0370 270 6000

already registered?

Please sign in with your existing account details.

need to register?

Register to access exclusive content, sign up to receive our updates and personalise your experience on brownejacobson.com.

Privacy statement - Terms and conditions

he shoots, she scores?

26 January 2011

Comments made by Sky Sport presenters Andy Gray and Richard Keys about lineswoman Sian Massey have barely left the headlines since Saturday.

Gray has already suggested that he will bring a claim for unfair dismissal but should he and Sky be more concerned about a sexual harassment claim? The remarks are likely to amount to sexual harassment under the Equality Act 2010. Comments do not need to be directed at an individual or intended to be overheard. An alleged victim of sexual harassment only needs to show that the perpetrator engaged in unwanted conduct of a sexual nature which had the purpose or effect of violating her dignity or creating an intimidating, hostile, degrading, humiliating or offensive environment.

Whilst Ms Massey was not an employee of Sky, Ms Jackson was and Sky could be vicariously liable for the comments unless they could show that they took all reasonable steps to prevent discrimination and, in any event, Gray could be personally liable.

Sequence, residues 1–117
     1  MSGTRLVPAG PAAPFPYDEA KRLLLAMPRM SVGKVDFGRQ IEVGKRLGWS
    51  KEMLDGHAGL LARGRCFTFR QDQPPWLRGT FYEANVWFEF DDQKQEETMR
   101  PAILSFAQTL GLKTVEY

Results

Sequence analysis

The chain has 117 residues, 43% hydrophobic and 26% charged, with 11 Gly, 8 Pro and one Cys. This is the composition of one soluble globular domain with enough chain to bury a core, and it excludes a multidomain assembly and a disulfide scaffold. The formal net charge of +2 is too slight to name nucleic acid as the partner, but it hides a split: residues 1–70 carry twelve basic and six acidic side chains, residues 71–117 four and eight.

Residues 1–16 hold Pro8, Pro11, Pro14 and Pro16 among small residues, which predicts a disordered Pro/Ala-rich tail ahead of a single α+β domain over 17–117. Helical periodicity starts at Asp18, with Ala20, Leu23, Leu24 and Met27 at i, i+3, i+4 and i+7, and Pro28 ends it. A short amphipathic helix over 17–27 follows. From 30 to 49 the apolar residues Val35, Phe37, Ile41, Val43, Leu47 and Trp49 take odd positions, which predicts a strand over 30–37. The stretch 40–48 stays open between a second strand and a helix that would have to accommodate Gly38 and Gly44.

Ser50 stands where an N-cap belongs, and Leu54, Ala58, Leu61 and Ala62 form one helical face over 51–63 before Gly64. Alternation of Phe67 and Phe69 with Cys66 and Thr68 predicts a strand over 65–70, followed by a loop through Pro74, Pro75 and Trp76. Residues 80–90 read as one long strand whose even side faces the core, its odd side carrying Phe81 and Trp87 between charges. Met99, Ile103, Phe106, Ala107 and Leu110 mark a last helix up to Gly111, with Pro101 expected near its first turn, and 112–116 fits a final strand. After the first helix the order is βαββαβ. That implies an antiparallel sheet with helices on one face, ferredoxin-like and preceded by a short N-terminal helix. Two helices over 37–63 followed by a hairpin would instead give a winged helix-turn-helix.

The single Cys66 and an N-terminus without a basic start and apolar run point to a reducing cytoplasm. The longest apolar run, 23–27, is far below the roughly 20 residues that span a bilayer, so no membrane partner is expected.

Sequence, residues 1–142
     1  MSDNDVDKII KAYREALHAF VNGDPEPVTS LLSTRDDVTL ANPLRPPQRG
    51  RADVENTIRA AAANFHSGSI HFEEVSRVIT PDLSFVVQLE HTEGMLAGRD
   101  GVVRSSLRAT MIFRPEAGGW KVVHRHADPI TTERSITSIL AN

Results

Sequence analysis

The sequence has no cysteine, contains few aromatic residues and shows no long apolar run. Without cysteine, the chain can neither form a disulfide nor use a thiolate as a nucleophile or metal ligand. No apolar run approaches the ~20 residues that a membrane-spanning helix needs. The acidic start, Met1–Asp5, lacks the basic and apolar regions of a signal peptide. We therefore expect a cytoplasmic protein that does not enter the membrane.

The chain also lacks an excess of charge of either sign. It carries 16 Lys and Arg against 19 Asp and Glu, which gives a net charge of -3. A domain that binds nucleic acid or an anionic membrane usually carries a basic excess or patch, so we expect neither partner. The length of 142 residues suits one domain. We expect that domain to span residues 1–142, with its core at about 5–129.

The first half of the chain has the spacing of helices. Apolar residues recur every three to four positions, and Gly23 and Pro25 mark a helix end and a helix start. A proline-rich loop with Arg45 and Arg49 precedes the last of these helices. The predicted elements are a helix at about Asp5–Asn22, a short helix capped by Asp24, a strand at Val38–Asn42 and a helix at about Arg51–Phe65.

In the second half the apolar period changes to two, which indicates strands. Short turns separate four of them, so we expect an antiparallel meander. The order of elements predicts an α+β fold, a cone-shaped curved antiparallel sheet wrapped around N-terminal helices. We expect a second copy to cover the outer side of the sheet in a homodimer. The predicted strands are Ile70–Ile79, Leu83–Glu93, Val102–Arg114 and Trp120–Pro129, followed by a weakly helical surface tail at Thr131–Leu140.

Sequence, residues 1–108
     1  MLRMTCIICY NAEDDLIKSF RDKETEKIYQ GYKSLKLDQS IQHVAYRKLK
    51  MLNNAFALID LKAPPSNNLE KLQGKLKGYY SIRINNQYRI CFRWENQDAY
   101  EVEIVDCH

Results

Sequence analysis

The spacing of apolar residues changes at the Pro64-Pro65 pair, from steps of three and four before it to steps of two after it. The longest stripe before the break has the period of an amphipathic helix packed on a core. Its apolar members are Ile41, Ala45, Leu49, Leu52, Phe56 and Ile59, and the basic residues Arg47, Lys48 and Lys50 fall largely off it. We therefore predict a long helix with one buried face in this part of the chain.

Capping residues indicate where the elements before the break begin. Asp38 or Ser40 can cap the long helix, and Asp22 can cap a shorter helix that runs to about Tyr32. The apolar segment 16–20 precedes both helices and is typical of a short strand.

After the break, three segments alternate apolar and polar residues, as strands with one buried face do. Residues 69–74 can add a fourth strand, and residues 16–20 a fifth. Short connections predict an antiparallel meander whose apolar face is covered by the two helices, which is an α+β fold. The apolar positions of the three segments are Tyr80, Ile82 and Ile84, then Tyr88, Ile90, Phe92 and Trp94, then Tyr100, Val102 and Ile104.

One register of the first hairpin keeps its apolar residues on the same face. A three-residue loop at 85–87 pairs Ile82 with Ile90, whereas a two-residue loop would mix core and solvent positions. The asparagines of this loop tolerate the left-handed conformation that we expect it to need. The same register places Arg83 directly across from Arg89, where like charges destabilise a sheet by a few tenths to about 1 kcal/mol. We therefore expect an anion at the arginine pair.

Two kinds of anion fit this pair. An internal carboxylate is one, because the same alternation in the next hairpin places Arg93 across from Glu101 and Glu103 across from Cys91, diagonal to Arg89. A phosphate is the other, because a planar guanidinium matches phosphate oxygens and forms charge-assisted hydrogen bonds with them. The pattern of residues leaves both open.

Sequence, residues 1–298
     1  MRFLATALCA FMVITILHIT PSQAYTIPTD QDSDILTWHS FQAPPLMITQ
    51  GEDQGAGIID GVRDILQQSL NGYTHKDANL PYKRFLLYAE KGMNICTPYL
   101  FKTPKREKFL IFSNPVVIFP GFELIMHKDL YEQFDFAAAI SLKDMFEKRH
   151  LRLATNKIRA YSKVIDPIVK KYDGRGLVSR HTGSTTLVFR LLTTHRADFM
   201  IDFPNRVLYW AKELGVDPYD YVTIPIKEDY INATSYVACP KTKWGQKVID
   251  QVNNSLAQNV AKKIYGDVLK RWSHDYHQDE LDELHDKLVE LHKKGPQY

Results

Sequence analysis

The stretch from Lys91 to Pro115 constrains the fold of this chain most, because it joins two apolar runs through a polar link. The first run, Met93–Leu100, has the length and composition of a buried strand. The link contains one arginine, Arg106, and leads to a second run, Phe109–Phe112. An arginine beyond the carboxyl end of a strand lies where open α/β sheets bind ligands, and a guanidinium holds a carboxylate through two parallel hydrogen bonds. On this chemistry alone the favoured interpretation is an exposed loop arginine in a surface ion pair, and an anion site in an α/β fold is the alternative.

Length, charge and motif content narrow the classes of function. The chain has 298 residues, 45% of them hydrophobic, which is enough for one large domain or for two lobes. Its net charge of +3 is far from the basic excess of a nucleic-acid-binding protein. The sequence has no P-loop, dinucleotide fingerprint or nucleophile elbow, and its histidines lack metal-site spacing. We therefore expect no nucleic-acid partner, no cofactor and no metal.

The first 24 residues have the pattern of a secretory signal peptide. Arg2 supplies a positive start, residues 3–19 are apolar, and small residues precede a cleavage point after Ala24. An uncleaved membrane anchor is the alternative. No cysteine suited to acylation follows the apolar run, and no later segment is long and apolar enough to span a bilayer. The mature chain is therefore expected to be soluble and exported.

related opinions

Anti-social media - but when is it work related?

As the use of social media continues to increase, its overlap with working life is becoming more and more prevalent.

View blog

IR35 changes - six months and counting...

In his 2018 Autumn Budget, the then Chancellor, Phillip Hammond, announced a significant change to the way liability for IR35 breaches will be dealt with for private sector companies from April 2020.

View blog

Court of Appeal confirms all employment tribunal judgments must be published on the register, except in national security cases

Under the ET Rules, all judgments and accompanying written reasons must be published on a pubic register which the general public can access online.

View blog

Supreme Court backs employers seeking to enforce restrictive covenants: Tillman v Egon Zehnder Ltd

The Supreme Court in Tillman v Egon Zehnder Ltd has determined that where post-termination restrictive covenants (i.e. “non-compete” clauses) in employment contracts go further than reasonably necessary to protect an employer’s business interests, it can apply the ‘blue pencil test,’ severing the offending words and leaving the remaining enforceable clause in place.

View blog

mailing list sign up



Select which mailings you would like to receive from us.

Sign up